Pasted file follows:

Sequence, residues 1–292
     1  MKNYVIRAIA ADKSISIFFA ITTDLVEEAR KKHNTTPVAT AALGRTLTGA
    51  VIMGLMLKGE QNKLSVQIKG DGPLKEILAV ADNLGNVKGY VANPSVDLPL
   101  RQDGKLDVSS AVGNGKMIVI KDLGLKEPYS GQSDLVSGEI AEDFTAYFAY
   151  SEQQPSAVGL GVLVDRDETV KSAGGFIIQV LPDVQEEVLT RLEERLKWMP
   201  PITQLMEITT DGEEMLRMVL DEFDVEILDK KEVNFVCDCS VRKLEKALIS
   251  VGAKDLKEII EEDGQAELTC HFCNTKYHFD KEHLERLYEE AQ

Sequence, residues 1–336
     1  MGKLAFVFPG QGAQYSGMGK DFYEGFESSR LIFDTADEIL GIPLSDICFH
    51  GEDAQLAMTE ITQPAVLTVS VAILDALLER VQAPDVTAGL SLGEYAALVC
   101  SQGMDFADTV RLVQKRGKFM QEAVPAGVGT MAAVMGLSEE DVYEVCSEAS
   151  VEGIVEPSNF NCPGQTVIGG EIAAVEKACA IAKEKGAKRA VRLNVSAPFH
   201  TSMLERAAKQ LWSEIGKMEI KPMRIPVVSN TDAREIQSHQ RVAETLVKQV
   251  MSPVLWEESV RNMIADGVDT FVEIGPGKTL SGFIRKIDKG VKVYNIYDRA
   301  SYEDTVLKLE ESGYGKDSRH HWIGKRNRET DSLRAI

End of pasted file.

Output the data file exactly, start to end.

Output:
Sequence, residues 1–292
     1  MKNYVIRAIA ADKSISIFFA ITTDLVEEAR KKHNTTPVAT AALGRTLTGA
    51  VIMGLMLKGE QNKLSVQIKG DGPLKEILAV ADNLGNVKGY VANPSVDLPL
   101  RQDGKLDVSS AVGNGKMIVI KDLGLKEPYS GQSDLVSGEI AEDFTAYFAY
   151  SEQQPSAVGL GVLVDRDETV KSAGGFIIQV LPDVQEEVLT RLEERLKWMP
   201  PITQLMEITT DGEEMLRMVL DEFDVEILDK KEVNFVCDCS VRKLEKALIS
   251  VGAKDLKEII EEDGQAELTC HFCNTKYHFD KEHLERLYEE AQ

Sequence, residues 1–336
     1  MGKLAFVFPG QGAQYSGMGK DFYEGFESSR LIFDTADEIL GIPLSDICFH
    51  GEDAQLAMTE ITQPAVLTVS VAILDALLER VQAPDVTAGL SLGEYAALVC
   101  SQGMDFADTV RLVQKRGKFM QEAVPAGVGT MAAVMGLSEE DVYEVCSEAS
   151  VEGIVEPSNF NCPGQTVIGG EIAAVEKACA IAKEKGAKRA VRLNVSAPFH
   201  TSMLERAAKQ LWSEIGKMEI KPMRIPVVSN TDAREIQSHQ RVAETLVKQV
   251  MSPVLWEESV RNMIADGVDT FVEIGPGKTL SGFIRKIDKG VKVYNIYDRA
   301  SYEDTVLKLE ESGYGKDSRH HWIGKRNRET DSLRAI